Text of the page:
Getting Technical

Tunison, S. (2007). Aboriginal learning: A review of current metrics of success. University of Saskatchewan, Aboriginal Education Research Centre, Saskatoon, Saskatchewan and First Nations and Adult Higher Education Consortium, Calgary, Alberta. Retrieved from http://deslibris.ca.ezproxy.library.ubc.ca/ID/218414

This document investigates the definition of success in learning for aboriginal students, provides indicators of success and then provides recommendations for educators. The author puts significant focus on the ‘learning spirit’ that “emerges from the exploration of the complex interrelationships that exist between the learner and his or her learning journey” (Tunison, 2007, p.10) prior to discussing pedagogy and technology.

Crossing Boundaries Aboriginal Voice. (2005). Aboriginal voice national recommendations: From digital divide to digital opportunity. Ottawa, ON. Retrieved from http://deslibris.ca.ezproxy.library.ubc.ca/ID/241099

Although these recommendations include elearning, they also include recommendations around egovernment, cultural and linguistic preservation and sustainability. From what I gather, the recommendations were presented to a government agency but I was unable to find any follow up papers. The paper has some valuable points on elearning and information and communication technologies in aboriginal communities.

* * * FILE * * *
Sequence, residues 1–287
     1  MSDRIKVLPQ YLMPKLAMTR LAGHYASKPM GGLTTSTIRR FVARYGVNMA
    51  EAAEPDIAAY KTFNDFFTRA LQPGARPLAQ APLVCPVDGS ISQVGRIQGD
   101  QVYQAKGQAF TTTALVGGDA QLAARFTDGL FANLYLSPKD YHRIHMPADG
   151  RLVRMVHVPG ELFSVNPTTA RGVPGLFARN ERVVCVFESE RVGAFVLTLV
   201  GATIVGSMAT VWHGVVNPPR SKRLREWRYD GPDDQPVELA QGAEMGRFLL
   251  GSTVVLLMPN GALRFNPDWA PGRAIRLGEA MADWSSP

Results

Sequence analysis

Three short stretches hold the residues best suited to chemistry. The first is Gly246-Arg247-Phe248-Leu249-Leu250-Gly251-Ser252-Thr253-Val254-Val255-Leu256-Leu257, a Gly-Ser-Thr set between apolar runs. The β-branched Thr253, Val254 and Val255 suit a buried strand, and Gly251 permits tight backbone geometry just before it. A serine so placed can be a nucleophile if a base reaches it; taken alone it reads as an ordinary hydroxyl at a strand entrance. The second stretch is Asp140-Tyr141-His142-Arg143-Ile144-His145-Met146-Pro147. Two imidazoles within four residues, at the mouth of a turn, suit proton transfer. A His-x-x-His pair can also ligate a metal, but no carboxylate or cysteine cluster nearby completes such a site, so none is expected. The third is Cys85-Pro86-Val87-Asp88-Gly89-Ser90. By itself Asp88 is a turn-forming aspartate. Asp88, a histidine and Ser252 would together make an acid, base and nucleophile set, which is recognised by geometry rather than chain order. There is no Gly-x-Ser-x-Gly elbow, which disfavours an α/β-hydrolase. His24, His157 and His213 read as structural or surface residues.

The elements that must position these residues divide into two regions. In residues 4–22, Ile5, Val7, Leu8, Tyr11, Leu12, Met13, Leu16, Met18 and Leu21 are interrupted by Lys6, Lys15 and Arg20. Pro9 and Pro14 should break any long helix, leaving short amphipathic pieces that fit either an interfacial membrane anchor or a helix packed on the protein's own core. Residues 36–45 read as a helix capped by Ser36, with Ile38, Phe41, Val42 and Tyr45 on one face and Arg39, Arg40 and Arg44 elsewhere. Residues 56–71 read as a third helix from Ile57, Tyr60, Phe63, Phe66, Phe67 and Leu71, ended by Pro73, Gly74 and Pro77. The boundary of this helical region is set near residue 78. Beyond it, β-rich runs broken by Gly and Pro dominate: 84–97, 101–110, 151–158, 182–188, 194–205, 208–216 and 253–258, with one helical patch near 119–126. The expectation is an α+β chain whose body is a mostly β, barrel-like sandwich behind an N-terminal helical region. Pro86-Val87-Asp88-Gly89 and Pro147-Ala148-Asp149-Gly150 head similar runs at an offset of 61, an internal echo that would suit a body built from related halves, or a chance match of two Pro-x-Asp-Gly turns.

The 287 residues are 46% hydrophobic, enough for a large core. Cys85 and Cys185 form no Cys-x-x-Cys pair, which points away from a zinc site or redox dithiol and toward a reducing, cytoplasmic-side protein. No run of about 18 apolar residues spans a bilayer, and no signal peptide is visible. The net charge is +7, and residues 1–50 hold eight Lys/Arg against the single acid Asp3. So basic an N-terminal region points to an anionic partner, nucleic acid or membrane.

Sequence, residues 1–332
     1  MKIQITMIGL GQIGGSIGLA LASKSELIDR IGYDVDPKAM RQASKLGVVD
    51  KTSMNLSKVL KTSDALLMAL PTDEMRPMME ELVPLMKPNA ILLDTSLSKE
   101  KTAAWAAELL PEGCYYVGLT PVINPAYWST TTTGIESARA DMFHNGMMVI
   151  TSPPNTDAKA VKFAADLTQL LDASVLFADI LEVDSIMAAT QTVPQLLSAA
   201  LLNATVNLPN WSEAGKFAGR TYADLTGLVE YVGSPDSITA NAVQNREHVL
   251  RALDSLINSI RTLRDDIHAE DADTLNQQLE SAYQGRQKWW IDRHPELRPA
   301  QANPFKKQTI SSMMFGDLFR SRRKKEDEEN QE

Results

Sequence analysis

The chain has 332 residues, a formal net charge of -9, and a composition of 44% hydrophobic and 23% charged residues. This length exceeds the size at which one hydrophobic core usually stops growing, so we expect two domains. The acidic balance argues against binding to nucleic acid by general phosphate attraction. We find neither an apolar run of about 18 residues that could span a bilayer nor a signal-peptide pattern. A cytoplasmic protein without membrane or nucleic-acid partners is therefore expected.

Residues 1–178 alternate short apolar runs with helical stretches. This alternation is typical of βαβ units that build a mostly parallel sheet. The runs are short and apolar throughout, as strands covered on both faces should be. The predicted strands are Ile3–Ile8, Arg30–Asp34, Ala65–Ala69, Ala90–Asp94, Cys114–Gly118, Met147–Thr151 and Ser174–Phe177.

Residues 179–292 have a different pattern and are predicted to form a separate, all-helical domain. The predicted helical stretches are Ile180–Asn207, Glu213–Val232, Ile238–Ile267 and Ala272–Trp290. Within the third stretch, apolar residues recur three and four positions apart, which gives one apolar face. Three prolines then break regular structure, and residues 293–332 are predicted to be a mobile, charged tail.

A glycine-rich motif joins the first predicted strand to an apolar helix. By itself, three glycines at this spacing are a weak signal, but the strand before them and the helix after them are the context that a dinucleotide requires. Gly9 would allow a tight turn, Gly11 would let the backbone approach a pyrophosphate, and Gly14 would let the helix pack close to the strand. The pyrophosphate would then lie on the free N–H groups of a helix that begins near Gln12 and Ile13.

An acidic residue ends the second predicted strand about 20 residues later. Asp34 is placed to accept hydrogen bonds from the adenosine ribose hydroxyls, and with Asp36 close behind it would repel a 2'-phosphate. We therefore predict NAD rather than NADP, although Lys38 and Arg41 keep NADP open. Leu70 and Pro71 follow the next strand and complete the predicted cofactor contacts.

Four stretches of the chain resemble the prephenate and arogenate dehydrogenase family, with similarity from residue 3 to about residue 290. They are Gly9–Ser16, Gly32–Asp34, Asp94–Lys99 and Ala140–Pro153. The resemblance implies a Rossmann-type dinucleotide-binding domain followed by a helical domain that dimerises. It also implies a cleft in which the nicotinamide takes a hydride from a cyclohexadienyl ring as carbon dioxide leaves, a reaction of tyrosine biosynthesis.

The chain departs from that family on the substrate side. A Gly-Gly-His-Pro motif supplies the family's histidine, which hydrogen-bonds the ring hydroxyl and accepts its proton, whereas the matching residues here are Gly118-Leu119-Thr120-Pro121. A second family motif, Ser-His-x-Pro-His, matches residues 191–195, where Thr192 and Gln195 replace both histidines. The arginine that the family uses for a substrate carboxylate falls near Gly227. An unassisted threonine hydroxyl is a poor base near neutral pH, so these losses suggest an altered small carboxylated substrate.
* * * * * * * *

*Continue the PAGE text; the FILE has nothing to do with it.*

Kawalilak, C., Wells, N. (Little Mustache), Connell, L., Beamer, K. (2012). E-learning Access, Opportunities, and Challenges for Aboriginal Adult Learners Located in Rural Communities. College Quarterly, 15 (2).

This is a very relevant and fairly recent study done by Bow Valley College in Calgary done using research methods respectful of the communities that they were researching. The authors discuss four themes that surfaced in the study: “1) Building Capacity: Onsite Education, 2) Success Factors: Needs and Perspectives, 3) Relationships and Learning: The Human Factor, and 4) Technology: Bridges and Barriers” (Kawalilak,  Wells, Connell,  Beamer & Kate, 2012) and provide 12 specific recommendations based on these themes.

O’Donnell, S., Walmark, B., Hancock, B-R. (2010) Videoconferencing and Remote and Rural First Nations, in White, J., Peters, J., Beavon, D., Dinsdale, P. (eds) Aboriginal Policy Research Volume 6: Learning, Technology and Traditions. Toronto: Thompson Educational Publishing: 128-139.

Though video-conferencing seems to be used less since the publication of this article it has some interesting and useful comments that could certainly be transferable to other technologies in online courses (i.e. Skype, Google Hangouts, Blackboard Connect, Adobe Connect). The article is based on the premise that face to face contact is valuable to aboriginal students, a premise that has plenty of support. It explores the various functionalities of video-conference technologies with aboriginal students.

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